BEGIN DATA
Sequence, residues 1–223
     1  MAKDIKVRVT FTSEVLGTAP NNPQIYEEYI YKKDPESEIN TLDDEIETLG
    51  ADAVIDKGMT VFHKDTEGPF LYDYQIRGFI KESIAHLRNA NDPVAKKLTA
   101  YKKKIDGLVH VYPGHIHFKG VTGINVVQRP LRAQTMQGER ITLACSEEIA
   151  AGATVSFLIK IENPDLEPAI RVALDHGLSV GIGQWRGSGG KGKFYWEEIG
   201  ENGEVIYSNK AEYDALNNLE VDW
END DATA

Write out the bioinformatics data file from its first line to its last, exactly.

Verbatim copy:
Sequence, residues 1–223
     1  MAKDIKVRVT FTSEVLGTAP NNPQIYEEYI YKKDPESEIN TLDDEIETLG
    51  ADAVIDKGMT VFHKDTEGPF LYDYQIRGFI KESIAHLRNA NDPVAKKLTA
   101  YKKKIDGLVH VYPGHIHFKG VTGINVVQRP LRAQTMQGER ITLACSEEIA
   151  AGATVSFLIK IENPDLEPAI RVALDHGLSV GIGQWRGSGG KGKFYWEEIG
   201  ENGEVIYSNK AEYDALNNLE VDW